There is an old saying that a lie will be heard around the world while truth is still getting its boots on. This was brought home to me during a radio interview I did on Tuesday night in the wake of the Federal Government’s decision to remove the conscientious objection exemption for vaccination. I was astonished that in 2015, some of these pieces of misinformation are still out there, and still believed, if the passionate radio callers (and several posts in my Facebook feed) are any indication.
Here is a sample of some of the misinformation and misunderstandings I encountered on the radio show and on the internet in the past 24 hours (paraphrased slightly).
“Why should we inject our kids with polyethylene glycol/brake fluid?” We don’t. There is no ethylene glycol in our vaccines. We do have harmless traces of a completely different chemical, 2-phenoxyethanol, which is an antibacterial helping keep the vaccines sterile.
“Why are we injecting our kids with formaldehyde?” Formaldehyde is used to inactivate viruses in some vaccines. After clean-up, minute traces are left, but the amount you would get from a vaccine injection is much less that is circulating naturally in your blood. Yes, your body makes formaldehyde. If you are seriously worried about formaldehyde, don’t eat apples or pears, which contain much more formaldehyde than vaccines. For details see here and here.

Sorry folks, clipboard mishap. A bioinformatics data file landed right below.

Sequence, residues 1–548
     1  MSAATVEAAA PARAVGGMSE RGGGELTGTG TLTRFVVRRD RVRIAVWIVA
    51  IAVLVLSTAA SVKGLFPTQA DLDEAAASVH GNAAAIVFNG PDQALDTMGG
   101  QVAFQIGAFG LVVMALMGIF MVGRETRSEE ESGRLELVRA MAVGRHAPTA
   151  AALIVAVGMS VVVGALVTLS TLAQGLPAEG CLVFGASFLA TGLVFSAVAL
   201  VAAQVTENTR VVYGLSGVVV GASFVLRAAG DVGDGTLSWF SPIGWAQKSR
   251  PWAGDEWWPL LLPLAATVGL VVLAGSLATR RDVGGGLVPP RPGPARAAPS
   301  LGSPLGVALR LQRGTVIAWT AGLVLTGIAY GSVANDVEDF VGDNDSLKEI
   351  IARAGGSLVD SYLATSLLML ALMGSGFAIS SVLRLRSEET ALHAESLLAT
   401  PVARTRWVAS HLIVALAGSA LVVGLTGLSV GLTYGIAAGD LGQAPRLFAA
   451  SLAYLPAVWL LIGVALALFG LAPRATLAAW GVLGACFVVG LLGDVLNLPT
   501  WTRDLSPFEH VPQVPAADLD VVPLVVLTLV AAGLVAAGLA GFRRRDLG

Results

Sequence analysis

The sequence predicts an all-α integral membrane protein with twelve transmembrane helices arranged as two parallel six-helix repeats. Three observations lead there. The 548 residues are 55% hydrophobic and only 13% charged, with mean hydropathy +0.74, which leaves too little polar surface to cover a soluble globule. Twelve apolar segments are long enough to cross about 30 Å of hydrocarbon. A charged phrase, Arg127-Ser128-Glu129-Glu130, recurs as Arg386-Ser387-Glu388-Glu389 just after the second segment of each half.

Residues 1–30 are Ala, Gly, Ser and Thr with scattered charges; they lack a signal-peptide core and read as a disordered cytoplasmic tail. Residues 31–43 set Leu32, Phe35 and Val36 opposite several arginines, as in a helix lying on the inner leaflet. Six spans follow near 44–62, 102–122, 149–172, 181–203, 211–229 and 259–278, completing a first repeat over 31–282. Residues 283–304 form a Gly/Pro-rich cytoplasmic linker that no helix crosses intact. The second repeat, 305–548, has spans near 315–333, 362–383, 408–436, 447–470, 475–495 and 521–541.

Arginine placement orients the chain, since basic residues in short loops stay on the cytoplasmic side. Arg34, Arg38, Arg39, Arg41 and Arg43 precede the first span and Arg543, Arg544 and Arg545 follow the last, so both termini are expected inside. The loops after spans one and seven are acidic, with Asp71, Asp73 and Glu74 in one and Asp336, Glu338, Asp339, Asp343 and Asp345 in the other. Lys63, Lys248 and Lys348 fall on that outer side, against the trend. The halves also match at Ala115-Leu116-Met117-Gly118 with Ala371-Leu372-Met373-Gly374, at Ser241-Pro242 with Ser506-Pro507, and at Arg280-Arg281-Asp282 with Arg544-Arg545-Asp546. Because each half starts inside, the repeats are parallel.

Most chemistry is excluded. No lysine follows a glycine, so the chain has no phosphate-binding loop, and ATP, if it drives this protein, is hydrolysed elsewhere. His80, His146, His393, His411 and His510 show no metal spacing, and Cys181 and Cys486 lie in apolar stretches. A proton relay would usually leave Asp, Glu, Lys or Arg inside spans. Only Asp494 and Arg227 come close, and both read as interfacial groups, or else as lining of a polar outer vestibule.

“Why are we injecting our kids with mercury?” We aren’t, there has been no mercury in kids vaccines in Australia since 2000. Especially those in the vaccination schedule. Note that the amount of mercury in the Thiomersal preservative is less than what you would get from eating a can of tuna and no one seems to be advocating a fish free diet for kids.
“Why are we still giving kids small pox vaccine when small pox is extinct?” We are not. And I am astonished that anyone would think that we did, but this (paraphrased) was an actual question.
Epidemiol Rev (2002) 24 (2): 125-136. doi: 10.1093/epirev/mxf002
“But we don’t need vaccines, these diseases were going before vaccines”. Nope, see that graph? That’s the incidence of measles in the UK before and after the vaccine, note the strong correlation between the fall in measles and the vaccine coverage of the population. Similar graphs are seen for the US and Canada (see here for the most dishonest anti-vaccination graph ever).
Australia stopped collecting data on measles incidence so there is a big gap in our data, but the incidence of the disease was higher before the vaccine than after. Same goes for pertussis (we had just had an epidemic when the vaccine was introduced), diptheria and Heamophilus Influenza B (and if you want to claim it’s all hygiene and diet, the HIB vaccine was introduced in the ‘90’s where nutrition and hygiene was at modern standards). See the Australian Academy of Sciences “science of vaccination” for graphs and details.
“There have been no deaths from measles since 2000”, this is actually a false statement about US data. 2000 was the year that endemic measles was declared extinct in the US. In Australia, we haven’t has a measles death since 1995. Unsurprisingly, since vaccination has been so effective.